6. The following entries are from a variety of sources, mainly Robert Barnes, The Green Spring Valley: Its History and Heritage Vol. 2: Genealogies (Baltimore: Maryland Historical Society, 1978), James M. Magruder, Jr., Magruder's Maryland Colonial Abstracts: Wills, Accounts and Inventories, 1772-1777, 5 vols. in 1 (Baltimore: Genealogical Publishing Co., 1968), and, among others that are listed for specific children.

  7. Rachel might not belong here, as she is not included in Barnes, The Green Spring Valley. She was included on If any reader can help me with documentation to prove Rachel's parents, one way or another, I would be grateful to hear from you.

  8. Richard might not belong here, as he is not included in Barnes, The Green Spring Valley. He was included on The real estate transactions are from Robert Barnes, Baltimore County, Maryland Deed Abstracts, 1659-1750 (Westminster, Md.: Family Line Publications, 1996), 155. My thanks to Geri Guzman, e mail June 3, 2004, for suggesting there are two separate Ruth Owings.

  9. John might not even belong here, as he is not included in Barnes, The Green Spring Valley. He was included with the information posted on

  10. Their children are listed in Barnes, The Green Spring Valley, 2:76; see also

  11. Barnes, The Green Spring Valley, 2:20; Edward C. Papenfuse, Alan F. Day, David W. Jordan, and Gregory A. Stiverson, A Biographical Dictionary of the Maryland Legislature, 1635-1789 (Baltimore: The Johns Hopkins University Press, 1979) 2 vols., 1:226. Mary's date of death from citing Donnell Macclure Owings, The History of the Owings Family, and the children are from the same web page; Bill and Martha Reamy, comp., St Thomas Parish Registers: 1732-1850 (Westminster, Md.: Family Line Publications, 1987), 3. The former lists a daughter, Michal, while Reamy lists a son, Michael. I have not been able to see the original.

  12. Barnes, The Green Spring Valley, 2:20. An alternative (or a second marriage?) offered by claims that Ruth m Edward NORWOOD, son of John, and had 6 children. That source also gives Deborah Todd Lynch's mother as Elinor Dorsey.

  13. Henry might not belong here, as he is not included in Barnes, The Green Spring Valley. He was included on

  14. Robert Barnes, comp., Maryland Marriages, 1634-1777 (Baltimore: Genealogical Publishing Co., Inc., 1976), 133. The marriage is listed in both St. Thomas and St. Paul's parish records; Barnes cites St. Paul's Parish BA-70, as giving the wedding date of 1 Jan. 1729, while St. Thomas Parish BA-150 gives it as 1 Jan. 1730. I assume this is a simple case of confusion between Old Style/New Style dating. See also Reamy, comp., St Thomas Parish Registers: 1732-1850, 35; and,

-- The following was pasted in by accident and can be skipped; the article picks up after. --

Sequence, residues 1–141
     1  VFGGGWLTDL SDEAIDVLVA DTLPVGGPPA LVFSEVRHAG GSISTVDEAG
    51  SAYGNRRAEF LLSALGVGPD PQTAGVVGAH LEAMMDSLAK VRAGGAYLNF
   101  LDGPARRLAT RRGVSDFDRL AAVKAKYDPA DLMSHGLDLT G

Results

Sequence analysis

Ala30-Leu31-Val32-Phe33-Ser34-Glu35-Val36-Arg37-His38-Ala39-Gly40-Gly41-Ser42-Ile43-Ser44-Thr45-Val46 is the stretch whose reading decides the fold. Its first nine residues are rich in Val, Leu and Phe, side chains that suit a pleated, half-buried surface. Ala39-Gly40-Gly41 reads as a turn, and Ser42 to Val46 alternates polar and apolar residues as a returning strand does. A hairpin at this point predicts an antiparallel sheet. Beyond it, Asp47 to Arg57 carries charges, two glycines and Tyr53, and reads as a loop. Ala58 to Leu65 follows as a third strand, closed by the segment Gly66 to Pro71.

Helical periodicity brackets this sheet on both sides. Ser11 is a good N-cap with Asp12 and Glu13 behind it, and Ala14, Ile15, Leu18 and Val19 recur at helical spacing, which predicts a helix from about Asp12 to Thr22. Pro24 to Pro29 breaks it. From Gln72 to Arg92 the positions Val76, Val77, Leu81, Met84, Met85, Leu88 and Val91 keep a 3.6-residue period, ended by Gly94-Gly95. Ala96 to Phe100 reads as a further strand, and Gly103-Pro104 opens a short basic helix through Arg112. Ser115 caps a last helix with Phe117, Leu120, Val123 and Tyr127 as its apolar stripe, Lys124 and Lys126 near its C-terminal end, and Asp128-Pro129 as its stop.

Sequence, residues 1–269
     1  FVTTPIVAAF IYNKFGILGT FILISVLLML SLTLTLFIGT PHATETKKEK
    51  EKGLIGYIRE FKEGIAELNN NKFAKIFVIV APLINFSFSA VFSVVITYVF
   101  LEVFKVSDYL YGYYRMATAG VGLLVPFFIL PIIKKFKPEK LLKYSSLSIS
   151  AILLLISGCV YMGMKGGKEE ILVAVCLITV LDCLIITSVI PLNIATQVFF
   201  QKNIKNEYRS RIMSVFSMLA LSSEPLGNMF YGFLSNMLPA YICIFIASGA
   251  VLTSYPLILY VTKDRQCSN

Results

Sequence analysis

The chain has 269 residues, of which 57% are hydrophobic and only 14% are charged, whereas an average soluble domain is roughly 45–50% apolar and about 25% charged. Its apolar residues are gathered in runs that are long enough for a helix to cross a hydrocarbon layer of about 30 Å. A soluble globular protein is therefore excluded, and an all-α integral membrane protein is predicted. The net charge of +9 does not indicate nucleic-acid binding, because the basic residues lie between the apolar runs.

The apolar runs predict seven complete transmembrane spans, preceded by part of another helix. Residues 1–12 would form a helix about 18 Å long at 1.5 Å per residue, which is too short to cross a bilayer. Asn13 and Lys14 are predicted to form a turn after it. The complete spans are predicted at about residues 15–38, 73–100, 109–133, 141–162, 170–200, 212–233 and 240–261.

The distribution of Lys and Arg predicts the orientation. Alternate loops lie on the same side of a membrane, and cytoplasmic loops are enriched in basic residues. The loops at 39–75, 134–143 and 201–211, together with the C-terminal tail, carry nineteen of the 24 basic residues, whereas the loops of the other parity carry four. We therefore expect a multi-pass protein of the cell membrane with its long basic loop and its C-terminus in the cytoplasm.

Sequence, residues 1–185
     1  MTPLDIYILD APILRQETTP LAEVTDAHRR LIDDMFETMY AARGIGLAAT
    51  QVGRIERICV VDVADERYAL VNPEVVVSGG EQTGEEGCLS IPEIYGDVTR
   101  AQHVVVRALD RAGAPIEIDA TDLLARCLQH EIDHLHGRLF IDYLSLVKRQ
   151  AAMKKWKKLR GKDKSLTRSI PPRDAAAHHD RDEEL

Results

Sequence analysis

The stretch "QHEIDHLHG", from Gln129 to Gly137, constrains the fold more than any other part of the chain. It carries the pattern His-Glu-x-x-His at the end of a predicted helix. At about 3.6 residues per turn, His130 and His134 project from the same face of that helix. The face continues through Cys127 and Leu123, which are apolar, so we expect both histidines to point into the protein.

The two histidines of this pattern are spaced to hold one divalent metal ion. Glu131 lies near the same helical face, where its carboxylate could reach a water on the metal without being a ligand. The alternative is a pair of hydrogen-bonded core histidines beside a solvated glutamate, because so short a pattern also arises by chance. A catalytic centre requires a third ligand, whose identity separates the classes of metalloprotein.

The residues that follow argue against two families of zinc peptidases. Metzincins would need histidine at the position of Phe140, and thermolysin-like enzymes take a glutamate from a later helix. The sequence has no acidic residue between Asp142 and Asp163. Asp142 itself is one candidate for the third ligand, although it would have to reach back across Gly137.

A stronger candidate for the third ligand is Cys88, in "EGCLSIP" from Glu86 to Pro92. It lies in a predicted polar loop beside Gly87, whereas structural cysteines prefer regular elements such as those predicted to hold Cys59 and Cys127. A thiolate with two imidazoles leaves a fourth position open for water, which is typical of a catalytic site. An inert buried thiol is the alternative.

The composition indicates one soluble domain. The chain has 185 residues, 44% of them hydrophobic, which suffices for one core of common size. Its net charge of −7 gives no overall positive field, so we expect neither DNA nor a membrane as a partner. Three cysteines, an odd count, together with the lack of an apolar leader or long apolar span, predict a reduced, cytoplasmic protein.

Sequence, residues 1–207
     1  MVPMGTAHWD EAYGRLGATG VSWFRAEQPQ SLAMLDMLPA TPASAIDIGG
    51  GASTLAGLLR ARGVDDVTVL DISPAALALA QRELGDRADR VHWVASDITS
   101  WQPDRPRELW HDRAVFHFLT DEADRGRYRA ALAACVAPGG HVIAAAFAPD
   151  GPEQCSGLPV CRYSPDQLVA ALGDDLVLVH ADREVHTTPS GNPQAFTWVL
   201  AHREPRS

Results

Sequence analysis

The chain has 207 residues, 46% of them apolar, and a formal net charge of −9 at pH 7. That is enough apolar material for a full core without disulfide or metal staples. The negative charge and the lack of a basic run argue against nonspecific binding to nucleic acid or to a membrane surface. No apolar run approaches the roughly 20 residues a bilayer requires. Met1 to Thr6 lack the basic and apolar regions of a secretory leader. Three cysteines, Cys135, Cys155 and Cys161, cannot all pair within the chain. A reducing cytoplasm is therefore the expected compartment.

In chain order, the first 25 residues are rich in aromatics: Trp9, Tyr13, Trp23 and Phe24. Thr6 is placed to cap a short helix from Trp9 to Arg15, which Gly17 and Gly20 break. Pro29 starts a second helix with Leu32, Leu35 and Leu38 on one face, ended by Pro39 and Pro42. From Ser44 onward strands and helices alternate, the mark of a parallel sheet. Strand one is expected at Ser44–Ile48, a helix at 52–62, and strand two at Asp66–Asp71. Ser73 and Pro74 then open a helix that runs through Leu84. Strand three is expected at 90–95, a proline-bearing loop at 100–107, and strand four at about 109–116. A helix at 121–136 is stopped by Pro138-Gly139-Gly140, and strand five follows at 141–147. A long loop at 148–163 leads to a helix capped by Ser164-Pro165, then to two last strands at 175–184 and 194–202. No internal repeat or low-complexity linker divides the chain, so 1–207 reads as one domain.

15. Biog. Dic. of Md. Legis., 2:627; Robert W. Barnes, comp., Baltimore County Families, 1659-1759 (Baltimore: Genealogical Publishing Company, Inc., 1989), 486.

          15a. Robert Barnes, Baltimore County, Maryland Deed Abstracts, 1659-1750 (Westminster, Md.: Family Line Publications, 1996), 86.

  16. Barnes, Balt. Co. Families, 486; Biog. Dic. of Md. Legis., 2:627.

  17. Biog. Dic. of Md. Legis., 2:627; Ferdinand B. Focke, "Winchester-Owens-Owings-Price, and Allied Families", in Maryland Genealogies from the Maryland Historical Magazine: A Consolidation of Articles from the Maryland Historical Magazine, Indexed by Thomas L. Hollowick, 2 vols., (Baltimore: Genealogical Publishing Co., Inc., 1980), 2:488; Barnes, Baltimore County, Maryland Deed Abstracts, 3.

  18. Biog. Dic. of Md. Legis., 2:627. The facsimile signature is from Barnes, Green Spring Valley, 2:77.

  19. Biog. Dic. of Md. Legis., 2:627.

  20. Biog. Dic. of Md. Legis., 2:627.

          20a. The names but not the amounts for which they were assessed, are listed in Reamy and Reamy, comps., St Thomas Parish Registers: 1732-1850, 67.

  21. Ferdinand B. Focke, "Old Maryland Bibles (Owings)", in Maryland Genealogies from the Maryland Historical Magazine: A Consolidation of Articles from the Maryland Historical Magazine, indexed by Thomas L. Hollowick 2 vols. (Baltimore: Genealogical Publishing Co., Inc., 1980), 2:273; V. L. Skinner, Jr., comp., Abstracts of the Inventories and Accounts of the Prerogative Court of Maryland 23 Vols. (Westminster, MD: Family Line Publications, 1992), vol. 1774-1777, 62; Biog. Dic. of Md. Legis., 2:627; Magruder, Magruder's Maryland Colonial Abstracts, 3:6-7; Focke, "Winchester-Owens-Owings-Price, and Allied Families", 2:488.